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Muruku mastery

BERNAMA – The celebration of Deepavali would be a little ‘tasteless’, meaningless even, without the traditional muruku, which is a favourite snack not only among Indians but also for everybody from all walks of life in the region.

A muruku maker in Perak, Malaysia J Ganesan, 42, said the muruku produced by his family for the past three generations has been in high demand for the past month. He added that even outside Deepavali season, there is always a queue for the crispy, savoury snack.

According to him, the family business was started 60 years ago by his grandfather N Ammamuthu and inherited by his late father A Jayabalan who died in 2020.

Uniquely, the muruku he sells is spun from a recipe inherited from his grandfather to his late father to this day and he still maintains the same ingredients.

He said no change has ever been made since 60 years ago and the ingredients used must follow the exact measurements.

The mixing of flour is done by hand and cannot be mixed in large quantities for fear that the quality and taste of muruku will be affected.

ABOVE & BELOW: J Ganesan, 42, with containers of muruku in Perak, Malaysia; and workers extrude muruku batter before it is fried. PHOTO: BERNAMA
PHOTO: BERNAMA
PHOTO: BERNAMA
A family buys muruku in Perak. PHOTO: BERNAMA
ABOVE & BELOW: Photos show the muruku batter being fried. PHOTO: BERNAMA
PHOTO: BERNAMA
PHOTO: BERNAMA

The specialty of Ganesan’s muruku lies in its crunchiness and the special spices used to make the snack with its texture crispy for consumption at any time.

“Some muruku may be a bit thick and too hard, and sometimes you don’t taste the spices used. We don’t say our products are the best but we are careful every step of the way.

“That is why we focus on one product only and do not venture into other products or beans because we want to take care of the quality churned out,” he said at his home.

Ganesan said his snack is booked by sellers from all over Perak and from outside of the state, and by companies and individuals. There are demands all-year and surges happen not only during the Deepavali festival but it is also for Hari Raya Aidilfitri and Chinese New Year.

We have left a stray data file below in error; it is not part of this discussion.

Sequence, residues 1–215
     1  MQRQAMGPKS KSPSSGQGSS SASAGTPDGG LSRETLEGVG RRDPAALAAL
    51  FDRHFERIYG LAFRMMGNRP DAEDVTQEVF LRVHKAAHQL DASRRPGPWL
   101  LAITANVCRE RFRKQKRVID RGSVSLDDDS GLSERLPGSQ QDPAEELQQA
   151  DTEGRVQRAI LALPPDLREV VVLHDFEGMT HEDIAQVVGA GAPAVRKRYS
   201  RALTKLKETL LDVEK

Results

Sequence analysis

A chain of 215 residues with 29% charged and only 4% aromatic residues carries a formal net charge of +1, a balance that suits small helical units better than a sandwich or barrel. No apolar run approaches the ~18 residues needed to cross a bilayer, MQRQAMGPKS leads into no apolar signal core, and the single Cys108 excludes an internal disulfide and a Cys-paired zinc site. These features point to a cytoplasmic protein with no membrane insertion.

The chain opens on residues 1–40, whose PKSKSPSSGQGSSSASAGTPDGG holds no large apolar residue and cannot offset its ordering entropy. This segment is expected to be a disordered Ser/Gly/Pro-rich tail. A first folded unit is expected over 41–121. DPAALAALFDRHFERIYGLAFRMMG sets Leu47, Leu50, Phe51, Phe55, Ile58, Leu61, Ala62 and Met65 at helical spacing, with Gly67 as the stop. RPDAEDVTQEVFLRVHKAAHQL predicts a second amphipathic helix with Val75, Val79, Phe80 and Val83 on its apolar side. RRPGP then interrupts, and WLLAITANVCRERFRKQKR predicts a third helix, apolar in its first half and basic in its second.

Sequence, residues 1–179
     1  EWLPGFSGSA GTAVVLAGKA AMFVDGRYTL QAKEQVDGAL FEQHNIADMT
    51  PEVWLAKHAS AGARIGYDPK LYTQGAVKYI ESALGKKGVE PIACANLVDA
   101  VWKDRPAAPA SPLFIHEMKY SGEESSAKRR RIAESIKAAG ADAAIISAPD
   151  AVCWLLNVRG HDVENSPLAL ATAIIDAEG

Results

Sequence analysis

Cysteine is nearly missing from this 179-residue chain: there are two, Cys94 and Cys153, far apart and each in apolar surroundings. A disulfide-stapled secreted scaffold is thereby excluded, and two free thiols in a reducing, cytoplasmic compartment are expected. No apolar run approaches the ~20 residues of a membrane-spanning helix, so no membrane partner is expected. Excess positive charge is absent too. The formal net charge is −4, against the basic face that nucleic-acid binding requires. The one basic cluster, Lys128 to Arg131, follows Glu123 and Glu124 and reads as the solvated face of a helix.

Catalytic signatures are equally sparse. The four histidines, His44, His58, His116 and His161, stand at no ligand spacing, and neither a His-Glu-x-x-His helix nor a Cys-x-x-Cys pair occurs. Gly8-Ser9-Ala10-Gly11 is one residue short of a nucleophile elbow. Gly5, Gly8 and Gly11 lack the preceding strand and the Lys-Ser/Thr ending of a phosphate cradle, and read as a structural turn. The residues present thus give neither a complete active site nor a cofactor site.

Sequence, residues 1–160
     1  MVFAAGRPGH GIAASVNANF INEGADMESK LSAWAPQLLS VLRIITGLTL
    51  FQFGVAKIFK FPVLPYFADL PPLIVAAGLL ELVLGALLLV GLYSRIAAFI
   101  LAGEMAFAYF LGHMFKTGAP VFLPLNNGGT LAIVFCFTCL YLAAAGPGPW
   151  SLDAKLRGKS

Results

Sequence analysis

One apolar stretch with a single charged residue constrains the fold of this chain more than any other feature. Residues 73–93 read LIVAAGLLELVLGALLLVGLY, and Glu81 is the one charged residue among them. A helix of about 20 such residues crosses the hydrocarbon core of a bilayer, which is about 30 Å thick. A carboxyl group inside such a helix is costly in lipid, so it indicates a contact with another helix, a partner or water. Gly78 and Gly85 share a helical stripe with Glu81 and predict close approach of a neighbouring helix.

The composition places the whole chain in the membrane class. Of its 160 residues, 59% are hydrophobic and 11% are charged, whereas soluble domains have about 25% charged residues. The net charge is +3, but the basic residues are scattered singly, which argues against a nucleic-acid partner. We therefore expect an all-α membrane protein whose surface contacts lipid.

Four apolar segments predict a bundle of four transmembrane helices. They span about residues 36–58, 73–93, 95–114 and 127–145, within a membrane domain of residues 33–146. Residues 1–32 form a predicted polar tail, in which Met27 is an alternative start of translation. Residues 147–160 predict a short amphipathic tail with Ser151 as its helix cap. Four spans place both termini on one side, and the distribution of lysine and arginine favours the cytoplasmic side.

WHAT’S IN A NAME

Ganesan said the name ‘Kampung Kacang Putih’ in Buntong is already synonymous among Malaysians and it also endorses the development of his business.

“Kacang Putih is a badge and symbol of the success of the Buntong family and community that runs this business, indeed we have received feedback from the public that kacang putih (‘white’ mung beans) from Ipoh are among the best.

“I still remember following my father selling at the night market, from house to house and under trees. Sometimes even went to Batu Caves to do business but now, not anymore, it’s the kacang putih fans who flock to Buntong,” he said.

Ganesan sells his muruku for MYR20 a jar to his suppliers who will then sell between MYR25 to MYR27.

Meanwhile, his wife T Kavitha, 37, said she was proud to be part of the famous muruku makers and entrepreneurs in Buntong.

“The muruku business has been a source of income for my husband’s family for ages, so we agreed to continue that tradition that remains to this day,” said Kavitha, who is also training their three daughters so that the legacy of a family will not be lost and will continue from generation to generation.

“So far they know how to mix the mixture and the process of forming the twisty shape of the muruku, including wrapping while the cooking will be handled by my husband.

“It is true that my husband impresses on our children to learn every twist and turn of the process to understand it well so that the legacy of this business will live on in the future,” she said.

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